IT IS FURTHER ORDERED THAT defendant's motion for summary judgment (doc. 93) is granted, and plaintiff's claims are hereby dismissed.

IT IS FURTHER ORDERED THAT defendant's motion to amend the pretrial order (doc. 107) is denied as moot.

NOTES

[1] Also before the court is defendant's motion to amend the pretrial order (doc. 107). Defendant moves the court to amend its pretrial order to reflect that plaintiff's alleged mark, "Spectrum," is not at issue in this case. The court has considered defendant's motion, but denies it as moot in light of its grant of summary judgment in defendant's favor.

[2] The plaintiff does not dispute defendant's assertion that when it adopted the Spectera mark, defendant was unaware of plaintiff's alleged color spectrum logo. Accordingly, the court considers defendant's intent only with respect to the Spectera tradename.

[3] The high degree of care with which the sponsors proceed in making vision care program selections is discussed in further detail below.

[4] There is some question as to whether many of the alleged instances of confusion are actually mere misspellings or mispronunciations of plaintiff's name that would occur regardless of defendant's use of the Spectera name; a large number of the misdirected calls and correspondence referred to "Spectra," not "Spectera." Despite plaintiff's evidence of the Midwestern tendency to drop the middle syllable of "Spectera," it is unable to establish that each call or letter referencing "Spectra" was truly intended for defendant. Furthermore, plaintiff fails to adequately account for the possibility that any calls for "Spectra Vision" might have been intended not for Spectera, but instead for "Spectra Vision," a pay-per-view movie company.

[5] Because plaintiff's discount is applied at the point of sale, no claims are submitted to plaintiff's company. In contrast, defendant's services are more involved, and require the submission of claims to the defendant. Therefore, any consequence of misdirected mail has no effect on plaintiff's affairs, and could do nothing but cause a detriment to defendant's reputation if the claim was not paid promptly.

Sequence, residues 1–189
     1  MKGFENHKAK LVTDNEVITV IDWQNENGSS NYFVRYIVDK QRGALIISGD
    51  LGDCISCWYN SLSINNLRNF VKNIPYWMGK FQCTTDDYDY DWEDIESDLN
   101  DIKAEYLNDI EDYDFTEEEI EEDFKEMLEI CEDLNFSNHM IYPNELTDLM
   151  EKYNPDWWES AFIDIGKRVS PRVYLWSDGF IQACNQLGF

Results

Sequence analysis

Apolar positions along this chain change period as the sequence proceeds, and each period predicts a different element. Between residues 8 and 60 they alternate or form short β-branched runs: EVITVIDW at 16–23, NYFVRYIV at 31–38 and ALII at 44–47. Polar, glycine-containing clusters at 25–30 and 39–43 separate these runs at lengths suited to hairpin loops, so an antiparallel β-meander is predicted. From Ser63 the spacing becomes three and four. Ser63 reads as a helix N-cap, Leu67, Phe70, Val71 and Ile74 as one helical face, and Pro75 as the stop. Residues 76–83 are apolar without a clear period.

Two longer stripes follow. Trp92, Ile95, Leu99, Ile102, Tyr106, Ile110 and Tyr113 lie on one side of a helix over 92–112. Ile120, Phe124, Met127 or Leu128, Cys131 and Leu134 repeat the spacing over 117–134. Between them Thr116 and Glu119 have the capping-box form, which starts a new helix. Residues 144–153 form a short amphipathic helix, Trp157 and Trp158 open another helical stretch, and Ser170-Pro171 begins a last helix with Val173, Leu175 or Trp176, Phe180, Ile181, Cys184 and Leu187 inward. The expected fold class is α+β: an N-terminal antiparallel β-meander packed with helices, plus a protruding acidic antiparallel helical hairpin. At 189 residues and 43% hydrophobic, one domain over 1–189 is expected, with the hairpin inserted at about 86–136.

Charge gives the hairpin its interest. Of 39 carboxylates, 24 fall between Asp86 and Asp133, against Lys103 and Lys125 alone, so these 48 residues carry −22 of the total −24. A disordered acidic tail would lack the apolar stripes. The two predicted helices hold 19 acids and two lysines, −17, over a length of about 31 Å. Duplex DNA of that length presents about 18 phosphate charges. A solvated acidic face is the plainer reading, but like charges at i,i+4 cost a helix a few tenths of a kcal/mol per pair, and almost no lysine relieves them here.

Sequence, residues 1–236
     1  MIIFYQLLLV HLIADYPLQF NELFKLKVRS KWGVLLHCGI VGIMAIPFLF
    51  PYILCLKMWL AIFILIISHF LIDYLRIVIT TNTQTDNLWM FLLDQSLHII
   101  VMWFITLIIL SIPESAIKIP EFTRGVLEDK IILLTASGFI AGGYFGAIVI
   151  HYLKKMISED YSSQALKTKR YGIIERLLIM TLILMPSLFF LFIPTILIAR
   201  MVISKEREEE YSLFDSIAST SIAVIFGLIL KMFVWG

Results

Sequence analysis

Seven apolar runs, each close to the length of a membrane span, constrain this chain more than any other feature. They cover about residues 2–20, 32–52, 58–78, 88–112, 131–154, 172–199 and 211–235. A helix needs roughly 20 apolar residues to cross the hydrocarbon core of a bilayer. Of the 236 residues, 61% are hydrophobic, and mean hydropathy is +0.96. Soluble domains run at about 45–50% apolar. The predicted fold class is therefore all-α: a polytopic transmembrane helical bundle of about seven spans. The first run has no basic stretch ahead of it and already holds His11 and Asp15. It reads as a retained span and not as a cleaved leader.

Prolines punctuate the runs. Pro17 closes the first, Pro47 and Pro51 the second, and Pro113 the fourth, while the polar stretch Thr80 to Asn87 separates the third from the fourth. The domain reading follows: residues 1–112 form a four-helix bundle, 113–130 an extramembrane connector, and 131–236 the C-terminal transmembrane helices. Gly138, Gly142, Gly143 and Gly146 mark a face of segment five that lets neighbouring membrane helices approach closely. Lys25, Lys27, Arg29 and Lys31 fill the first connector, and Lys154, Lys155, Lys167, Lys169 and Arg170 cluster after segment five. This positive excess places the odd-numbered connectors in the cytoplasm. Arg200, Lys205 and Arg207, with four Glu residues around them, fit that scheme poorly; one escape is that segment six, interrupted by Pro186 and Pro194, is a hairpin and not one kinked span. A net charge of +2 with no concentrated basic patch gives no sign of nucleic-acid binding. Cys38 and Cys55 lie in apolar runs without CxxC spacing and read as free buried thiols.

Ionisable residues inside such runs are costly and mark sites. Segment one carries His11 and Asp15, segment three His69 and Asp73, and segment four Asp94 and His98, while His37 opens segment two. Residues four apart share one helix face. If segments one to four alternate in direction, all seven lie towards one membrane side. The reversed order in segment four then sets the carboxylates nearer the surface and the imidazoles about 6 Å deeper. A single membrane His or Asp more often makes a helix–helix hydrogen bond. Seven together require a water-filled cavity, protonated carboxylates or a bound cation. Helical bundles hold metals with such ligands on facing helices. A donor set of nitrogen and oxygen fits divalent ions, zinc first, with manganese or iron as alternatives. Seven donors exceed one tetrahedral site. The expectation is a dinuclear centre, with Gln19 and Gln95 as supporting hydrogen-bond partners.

[6] The only evidence offered by plaintiff in this regard is its assertion that the dependents of members may have a choice as to eye care plans, because, plaintiff argues, those dependents may have the choice to participate in either the plan offered by their own employer or, alternatively, in the plan offered by their parents' employer. The court finds this attenuated reasoning unpersuasive and speculative; surely, the class of potential persons to which this possible choice of plans may be presented is quite limited. Indeed, the coverage of dependents is usually limited to those under a certain age, and not all employers offer vision plans; the chances that these variables coincide on a frequent basis is probably slim. In any case, the plaintiff has failed to offer substantiated evidence that this type of "dependent choice" exists to any appreciable degree. Consequently, the court accords little weight to this "evidence" of likely confusion.